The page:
Can man reason from one point to another, drawing conclusions as he goes, arriving at a point intended by God? Does God include man’s ability to reason and deduce (which He gave to man) in the scheme of redemption? Does God hold man responsible for inferring exactly what God implies in His revelation? Is there any truth that is bound by an example? Does our Father only speak in binding terms through commands so clear as to require no reasoning before obedience? And, conversely, are doctrinal matters so complex that there is no sure right or wrong since inferences are required? Brethren, this is the root of the problem before us and we must deal with it. If the Lord has not spoken relevantly, specifically and bindingly in any way other than commands, then we must surely stop drawing lines or limits beyond that. We must stop our insistence on the use of examples and inferences and plead ignorance and inability before the throne of Grace. Nothing can become a matter of importance unless God has pointedly, specifically and beyond equivocation commanded it to us. That it applies to us must be beyond deduction. (Of course, one might ask where this would lead us, logically, if we followed it to its ultimate conclusion. Yet, we will never know, since we can’t reason it out! Makes one feel rather like a mule with blinders on, seeing neither to the right nor left, responding only to “gee” and “haw” – simple commands.) Quite frankly, such a position seems as indefensible as the man who insists only on the authority of the words of Jesus in the “Red Letter Editions.” It is the height of folly to suppose that the will of Jesus is contained only in the “red letters” and not in the“apostles’ doctrine” (Acts 2:42; 2 John 9-11). Equally foolish is the position that one is bound only by the simple commands of the Bible and that man does not have the intelligence to receive communication from God in any other form. I wish to state emphatically that:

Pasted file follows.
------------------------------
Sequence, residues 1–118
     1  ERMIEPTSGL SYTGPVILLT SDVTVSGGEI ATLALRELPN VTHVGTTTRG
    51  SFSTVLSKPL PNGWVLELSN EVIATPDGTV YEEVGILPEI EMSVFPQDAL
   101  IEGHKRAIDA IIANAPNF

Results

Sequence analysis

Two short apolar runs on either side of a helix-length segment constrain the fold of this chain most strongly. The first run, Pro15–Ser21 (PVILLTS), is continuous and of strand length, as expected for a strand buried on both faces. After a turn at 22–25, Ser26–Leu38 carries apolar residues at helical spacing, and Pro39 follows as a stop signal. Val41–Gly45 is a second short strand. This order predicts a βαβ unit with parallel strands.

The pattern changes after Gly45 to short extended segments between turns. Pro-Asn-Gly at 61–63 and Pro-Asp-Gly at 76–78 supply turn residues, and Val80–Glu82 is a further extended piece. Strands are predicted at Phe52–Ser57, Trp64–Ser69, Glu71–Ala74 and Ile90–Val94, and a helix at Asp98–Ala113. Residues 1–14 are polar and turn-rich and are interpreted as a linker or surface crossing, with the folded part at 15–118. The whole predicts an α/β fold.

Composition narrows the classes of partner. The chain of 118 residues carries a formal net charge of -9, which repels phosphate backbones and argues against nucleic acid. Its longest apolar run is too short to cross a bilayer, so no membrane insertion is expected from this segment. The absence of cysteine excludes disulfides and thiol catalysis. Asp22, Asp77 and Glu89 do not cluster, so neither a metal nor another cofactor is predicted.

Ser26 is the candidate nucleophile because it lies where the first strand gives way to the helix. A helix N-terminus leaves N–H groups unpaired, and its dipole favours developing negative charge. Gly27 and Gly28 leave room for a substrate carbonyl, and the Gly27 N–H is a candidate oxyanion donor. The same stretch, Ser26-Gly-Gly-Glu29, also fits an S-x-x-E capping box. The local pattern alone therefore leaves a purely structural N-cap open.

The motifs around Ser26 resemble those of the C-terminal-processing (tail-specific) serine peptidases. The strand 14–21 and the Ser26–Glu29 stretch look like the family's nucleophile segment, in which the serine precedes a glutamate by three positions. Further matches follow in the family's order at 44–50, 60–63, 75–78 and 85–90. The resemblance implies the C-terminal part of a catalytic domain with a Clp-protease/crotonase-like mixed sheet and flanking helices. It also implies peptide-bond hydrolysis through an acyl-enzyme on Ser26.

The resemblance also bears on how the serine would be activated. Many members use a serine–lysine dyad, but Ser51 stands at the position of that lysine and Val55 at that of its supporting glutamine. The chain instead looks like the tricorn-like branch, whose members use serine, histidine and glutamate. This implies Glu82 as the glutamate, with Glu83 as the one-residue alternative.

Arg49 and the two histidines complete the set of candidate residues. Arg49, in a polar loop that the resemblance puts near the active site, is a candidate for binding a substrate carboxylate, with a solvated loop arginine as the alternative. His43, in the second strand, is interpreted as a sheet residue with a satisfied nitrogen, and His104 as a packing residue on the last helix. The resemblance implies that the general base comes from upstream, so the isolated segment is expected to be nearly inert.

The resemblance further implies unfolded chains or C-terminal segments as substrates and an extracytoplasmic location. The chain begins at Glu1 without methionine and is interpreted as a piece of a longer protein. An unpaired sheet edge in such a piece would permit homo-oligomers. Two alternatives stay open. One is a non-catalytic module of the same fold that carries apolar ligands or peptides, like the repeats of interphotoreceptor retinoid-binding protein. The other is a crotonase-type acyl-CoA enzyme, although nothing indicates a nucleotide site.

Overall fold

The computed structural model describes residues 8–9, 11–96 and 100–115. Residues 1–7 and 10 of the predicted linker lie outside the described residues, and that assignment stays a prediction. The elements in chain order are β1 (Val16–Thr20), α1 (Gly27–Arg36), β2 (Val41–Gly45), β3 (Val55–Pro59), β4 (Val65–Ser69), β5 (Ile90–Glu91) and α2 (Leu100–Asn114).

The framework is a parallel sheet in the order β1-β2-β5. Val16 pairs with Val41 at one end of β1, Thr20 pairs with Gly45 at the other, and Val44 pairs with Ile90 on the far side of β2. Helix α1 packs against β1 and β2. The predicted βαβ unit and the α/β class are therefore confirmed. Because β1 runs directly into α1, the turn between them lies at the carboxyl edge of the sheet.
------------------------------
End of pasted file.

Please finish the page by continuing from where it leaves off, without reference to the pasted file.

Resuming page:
God has spoken,